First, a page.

Gray Box Testing

29 Oct 2022
What is Gray Box Testing?
Advantages of Gray Box Testing.
Gray Box Testing Process.
Gray Box Testing Techniques.

What is Gray Box Testing?

A software testing technique in which software testers lack absolute product knowledge and possess only partial information about internal functionality and code of the application software to be tested.
“The software testers are only partially aware of the internal structure of the product to be tested in this technique. But if third-party integration/caching implementation of the product is not transparent, functionality can be tested from the user aspect. So we can proceed with testing without a complete understanding of the internal structure of the product.”
This testing method is a combination of black box testing technique and white box testing technique.
The main aim of this testing technique is to identify bugs resulting from incorrect internal code structure or incorrect usage of the application.
It would be beneficial to use this method in evaluating web applications, executing integration testing, testing distributed environments, and estimating security strength.

Advantages of Gray Box Testing

It combines the capacities of software developers and software testers to improve the overall quality of the application software under test.
Gray box testers need not have in-depth knowledge in software programming to do the testing.
Complex test scenarios or applications can be tested more effectively using this technique.
Software developers are benefited by the usage of this testing method as they get sufficient time to fix the bugs.
Gray box testing is done from both user’s point of view and developer’s point of view increasing the effectiveness of testing.

Gray Box Testing Process

The standard steps to carry out Gray box Testing are as follows:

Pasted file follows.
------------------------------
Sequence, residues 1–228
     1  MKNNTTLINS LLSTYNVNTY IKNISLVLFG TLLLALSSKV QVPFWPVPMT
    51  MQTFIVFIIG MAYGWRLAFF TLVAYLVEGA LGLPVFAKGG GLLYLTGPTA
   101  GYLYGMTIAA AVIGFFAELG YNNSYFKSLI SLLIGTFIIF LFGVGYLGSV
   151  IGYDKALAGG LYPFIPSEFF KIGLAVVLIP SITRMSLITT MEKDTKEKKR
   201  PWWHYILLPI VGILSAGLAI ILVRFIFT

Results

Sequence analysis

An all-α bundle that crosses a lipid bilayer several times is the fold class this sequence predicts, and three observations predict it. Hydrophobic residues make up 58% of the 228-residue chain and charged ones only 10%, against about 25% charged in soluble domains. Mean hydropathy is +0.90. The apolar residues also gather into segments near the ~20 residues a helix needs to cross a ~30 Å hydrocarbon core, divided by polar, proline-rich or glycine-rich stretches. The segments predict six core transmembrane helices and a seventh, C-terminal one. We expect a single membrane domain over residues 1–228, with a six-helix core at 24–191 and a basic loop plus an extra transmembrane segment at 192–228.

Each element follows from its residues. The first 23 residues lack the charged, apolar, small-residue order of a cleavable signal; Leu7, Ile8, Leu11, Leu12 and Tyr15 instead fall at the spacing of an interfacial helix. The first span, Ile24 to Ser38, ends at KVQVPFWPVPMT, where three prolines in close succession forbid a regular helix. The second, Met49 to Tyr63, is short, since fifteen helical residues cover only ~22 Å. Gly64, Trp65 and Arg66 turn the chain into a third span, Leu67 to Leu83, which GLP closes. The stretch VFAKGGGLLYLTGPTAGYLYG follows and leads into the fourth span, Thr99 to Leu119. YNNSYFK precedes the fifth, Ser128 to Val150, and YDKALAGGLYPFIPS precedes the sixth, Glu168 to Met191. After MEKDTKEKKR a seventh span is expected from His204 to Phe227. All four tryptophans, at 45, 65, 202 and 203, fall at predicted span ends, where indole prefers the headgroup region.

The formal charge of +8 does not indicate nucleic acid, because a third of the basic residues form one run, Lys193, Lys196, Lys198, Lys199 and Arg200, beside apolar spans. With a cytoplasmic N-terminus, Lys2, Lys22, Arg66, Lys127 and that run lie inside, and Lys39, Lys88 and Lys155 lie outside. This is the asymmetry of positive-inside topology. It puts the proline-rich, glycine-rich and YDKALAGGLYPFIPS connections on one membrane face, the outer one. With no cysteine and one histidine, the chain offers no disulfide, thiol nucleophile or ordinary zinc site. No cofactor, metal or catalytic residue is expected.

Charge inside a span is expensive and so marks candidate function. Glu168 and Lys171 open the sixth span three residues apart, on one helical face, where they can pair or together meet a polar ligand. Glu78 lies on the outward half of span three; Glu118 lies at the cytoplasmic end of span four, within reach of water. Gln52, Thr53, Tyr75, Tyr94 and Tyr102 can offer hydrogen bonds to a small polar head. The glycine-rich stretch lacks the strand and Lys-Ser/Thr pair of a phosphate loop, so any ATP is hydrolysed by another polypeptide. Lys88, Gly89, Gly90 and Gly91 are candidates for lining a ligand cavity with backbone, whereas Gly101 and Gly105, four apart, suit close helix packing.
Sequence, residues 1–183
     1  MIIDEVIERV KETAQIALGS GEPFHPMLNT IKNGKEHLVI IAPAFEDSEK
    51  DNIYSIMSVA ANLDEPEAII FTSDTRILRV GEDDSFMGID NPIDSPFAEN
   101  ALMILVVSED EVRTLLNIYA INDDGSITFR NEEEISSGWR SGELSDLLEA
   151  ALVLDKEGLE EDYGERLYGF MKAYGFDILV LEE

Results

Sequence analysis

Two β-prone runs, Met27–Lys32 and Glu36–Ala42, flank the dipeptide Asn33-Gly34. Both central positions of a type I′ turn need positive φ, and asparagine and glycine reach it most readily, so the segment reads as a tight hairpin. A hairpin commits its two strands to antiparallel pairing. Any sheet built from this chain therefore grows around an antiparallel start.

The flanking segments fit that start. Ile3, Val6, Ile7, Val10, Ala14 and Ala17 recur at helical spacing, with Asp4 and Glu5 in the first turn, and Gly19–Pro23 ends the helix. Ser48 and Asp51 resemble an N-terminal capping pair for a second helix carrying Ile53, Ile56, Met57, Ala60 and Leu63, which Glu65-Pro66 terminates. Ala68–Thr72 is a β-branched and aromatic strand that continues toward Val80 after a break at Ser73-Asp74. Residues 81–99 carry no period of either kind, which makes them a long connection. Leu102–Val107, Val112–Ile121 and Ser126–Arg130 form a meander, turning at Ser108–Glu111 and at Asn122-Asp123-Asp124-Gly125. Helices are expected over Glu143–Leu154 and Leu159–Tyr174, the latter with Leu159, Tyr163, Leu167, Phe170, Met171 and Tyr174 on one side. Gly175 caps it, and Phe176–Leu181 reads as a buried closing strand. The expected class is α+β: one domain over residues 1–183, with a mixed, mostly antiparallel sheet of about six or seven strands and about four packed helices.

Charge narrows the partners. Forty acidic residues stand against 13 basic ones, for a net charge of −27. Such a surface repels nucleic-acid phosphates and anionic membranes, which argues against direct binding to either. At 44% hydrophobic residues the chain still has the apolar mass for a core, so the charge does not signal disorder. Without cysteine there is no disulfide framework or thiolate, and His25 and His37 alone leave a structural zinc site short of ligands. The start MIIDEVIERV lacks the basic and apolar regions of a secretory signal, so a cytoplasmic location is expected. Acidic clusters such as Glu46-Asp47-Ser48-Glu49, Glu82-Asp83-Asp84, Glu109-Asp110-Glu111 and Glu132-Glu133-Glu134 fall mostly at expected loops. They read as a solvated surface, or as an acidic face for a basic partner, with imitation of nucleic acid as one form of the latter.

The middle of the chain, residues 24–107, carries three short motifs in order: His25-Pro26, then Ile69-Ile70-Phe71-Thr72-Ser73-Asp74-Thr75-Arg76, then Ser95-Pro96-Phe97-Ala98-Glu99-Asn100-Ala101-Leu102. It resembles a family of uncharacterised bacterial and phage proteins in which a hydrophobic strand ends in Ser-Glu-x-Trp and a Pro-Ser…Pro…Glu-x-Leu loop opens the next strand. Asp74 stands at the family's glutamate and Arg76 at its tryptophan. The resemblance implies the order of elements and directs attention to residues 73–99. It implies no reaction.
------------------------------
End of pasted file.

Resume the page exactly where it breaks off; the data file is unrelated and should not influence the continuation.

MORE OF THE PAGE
Identify all of the basic control flows or key paths that should be tested.
Identify important sub-functions that require in-depth testing.
Determine the inputs to be passed to a sub-function.
Determine the outputs that the sub-function is likely to generate for the given inputs.
Develop and execute test cases for this sub-function.
The results produced by the sub-function should be confirmed to be matching with the expected result for the test case.
Repeat steps 2-6 until all identified sub-functions are tested.

Gray Box Testing Techniques

The major techniques for performing gray box testing are matrix testing, regression testing, pattern testing, and orthogonal array testing.
Matrix Testing:-
Involves testing all the variables used in an application software while coding. The technical risks related to the usage of each variable in the code is identified. Every variable is then analyzed based on the identified risks.
  • “This technique discovers unused or un-optimized variables in the program. Unused variables are mostly eliminated from the code”.
Regression Testing:-
In this technique, gray box tests are regularly executed after every change or update made in the code to verify that previously created and tested software still works as desired.
  • “Ensures that a latest code change or bug fix has not impacted any existing functionality of the software”.
Pattern Testing:-
Involves examining the previous version of the application software in order to identify any patterns that caused defects. This helps in revealing the elements that caused the defects and how the irregularities were identified.
  • “The design of gray box test cases can be improved by using this information. This will prevent the occurrence of similar bugs in later versions of the application software under test”.
Orthogonal Array Testing:-
Preferred when maximum code coverage is required with very few test cases and large test data in hand. Uses an organized statistical method of performing tests. This is very helpful in testing complex applications.


  • Gray box testing possesses the advantages of both white box testing and black box testing.
  • It facilitates detecting defects at an earlier stage and preventing these from passing further.
  • Mainly used for functional testing and testing web-based applications.